After putting the Michael Forsythe saga to bed with last year’s The Bloomsday Dead, Adrian McKinty returns in April with a standalone novel, Fifty Grand (Holt), which features a Cuban heroine. “I went to Cuba as a loyal Guardian reader expecting a rum-soaked island bravely thumbing its nose at a bullying Uncle Sam right across the Florida Strait,” says McKinty. “Instead, I found a desperate, decaying tin-pot dictatorship filled with informers, secret police, prostitutes, pimps, currency blackmarketeers and endemic corruption. I knew this was good material, so I tore up my return ticket and began making notes. The notes expanded and eventually became a novel.”
Tana French is currently working on her third novel, which is tentatively scheduled for a late 2009 release. “For now, it’s called Faithful Place,” she says, “and Frank Mackey, Cassie Maddox’s old boss from The Likeness, is the narrator this time. He’s spent his whole adult life thinking that his first love Rosie dumped him and ran off to England, and he hasn’t spoken to his family since that night. Then, Rosie’s suitcase shows up, hidden in the wall of a house on their old road…”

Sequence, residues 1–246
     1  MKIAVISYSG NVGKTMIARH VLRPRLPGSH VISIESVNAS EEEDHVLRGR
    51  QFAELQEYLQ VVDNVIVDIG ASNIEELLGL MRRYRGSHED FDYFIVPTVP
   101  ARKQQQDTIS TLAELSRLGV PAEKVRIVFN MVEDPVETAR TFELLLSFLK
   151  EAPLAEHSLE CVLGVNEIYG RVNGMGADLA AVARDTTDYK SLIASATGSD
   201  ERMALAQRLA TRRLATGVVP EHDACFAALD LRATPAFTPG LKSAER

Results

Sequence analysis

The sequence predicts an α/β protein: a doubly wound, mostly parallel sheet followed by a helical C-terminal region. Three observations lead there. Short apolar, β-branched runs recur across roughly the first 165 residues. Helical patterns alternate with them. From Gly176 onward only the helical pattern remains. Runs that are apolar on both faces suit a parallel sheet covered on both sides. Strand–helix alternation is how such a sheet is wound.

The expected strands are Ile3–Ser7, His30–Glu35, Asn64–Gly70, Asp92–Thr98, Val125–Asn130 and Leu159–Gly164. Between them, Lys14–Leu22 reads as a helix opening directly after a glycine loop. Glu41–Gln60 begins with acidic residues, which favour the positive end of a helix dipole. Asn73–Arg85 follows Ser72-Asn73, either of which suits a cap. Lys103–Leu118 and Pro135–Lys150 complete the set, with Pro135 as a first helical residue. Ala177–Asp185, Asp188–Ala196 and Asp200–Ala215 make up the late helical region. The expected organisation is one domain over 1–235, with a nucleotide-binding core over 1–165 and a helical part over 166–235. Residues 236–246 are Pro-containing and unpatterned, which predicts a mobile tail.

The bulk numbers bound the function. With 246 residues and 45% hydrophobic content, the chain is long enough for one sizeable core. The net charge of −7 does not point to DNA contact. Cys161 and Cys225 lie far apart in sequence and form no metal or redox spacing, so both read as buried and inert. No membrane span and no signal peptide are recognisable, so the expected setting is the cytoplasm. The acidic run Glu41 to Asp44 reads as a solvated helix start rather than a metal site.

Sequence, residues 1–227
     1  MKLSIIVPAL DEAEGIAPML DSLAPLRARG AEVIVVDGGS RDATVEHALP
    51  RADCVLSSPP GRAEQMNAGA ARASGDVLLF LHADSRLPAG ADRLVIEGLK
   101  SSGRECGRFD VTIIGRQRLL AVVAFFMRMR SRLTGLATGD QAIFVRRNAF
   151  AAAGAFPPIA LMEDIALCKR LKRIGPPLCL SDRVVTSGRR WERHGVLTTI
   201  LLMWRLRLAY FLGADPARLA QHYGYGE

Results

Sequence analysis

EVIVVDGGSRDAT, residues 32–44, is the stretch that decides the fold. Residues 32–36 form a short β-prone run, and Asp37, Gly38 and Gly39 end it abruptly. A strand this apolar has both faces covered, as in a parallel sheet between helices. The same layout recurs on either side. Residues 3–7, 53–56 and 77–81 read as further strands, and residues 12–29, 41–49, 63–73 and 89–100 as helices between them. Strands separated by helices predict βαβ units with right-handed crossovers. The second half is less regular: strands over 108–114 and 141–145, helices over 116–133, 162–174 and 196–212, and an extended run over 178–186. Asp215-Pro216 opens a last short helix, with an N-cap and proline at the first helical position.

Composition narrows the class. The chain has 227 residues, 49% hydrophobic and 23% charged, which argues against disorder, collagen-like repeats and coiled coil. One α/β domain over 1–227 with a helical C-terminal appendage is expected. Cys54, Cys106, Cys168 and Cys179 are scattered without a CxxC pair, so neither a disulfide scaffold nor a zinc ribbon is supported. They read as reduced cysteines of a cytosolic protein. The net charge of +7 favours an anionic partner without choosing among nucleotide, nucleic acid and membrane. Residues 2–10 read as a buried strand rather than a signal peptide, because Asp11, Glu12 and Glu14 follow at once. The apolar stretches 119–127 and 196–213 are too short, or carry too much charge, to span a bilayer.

Also working on new novels due out late this year are Arlene Hunt and Alex Barclay, whose latest offerings are Undertow and Blood Runs Cold, respectively, although both are still too immersed in the early stages of the process to offer a title or even a brief synopsis. Brian McGilloway, who sets his police procedural novels in Donegal, has been quietly gathering some impressive plaudits over the past three years or so. His third novel in his Inspector Devlin series is titled Bleed a River Deep (Macmillan), and it’s due in April. “Devlin finds himself caught up in several cases,” he says, “all of which centre around an Irish-American-financed goldmine in Donegal. The book concerns itself with the treatment of immigrants in Ireland, and the cost of our recent prosperity both to the country and its sense of morality.”
The artist formerly known as Colin Bateman, now simply Bateman, has his latest novel, Mystery Man, published in April by Headline. Boasting the customary blend of hard-nosed crime and whimsical humour, the Belfast-set tale features a fictional bookseller from a real bookstore, No Alibis, who turns private eye when the detective agency next door goes bust. A hop and a skip from small-time publishing and our “Man With No Name” hero finds himself up to his oxters in Nazis and serial killers. “I enjoyed writing Mystery Man so much,” Bateman says, “that I’m already halfway through the sequel, The Day of the Jack Russell.”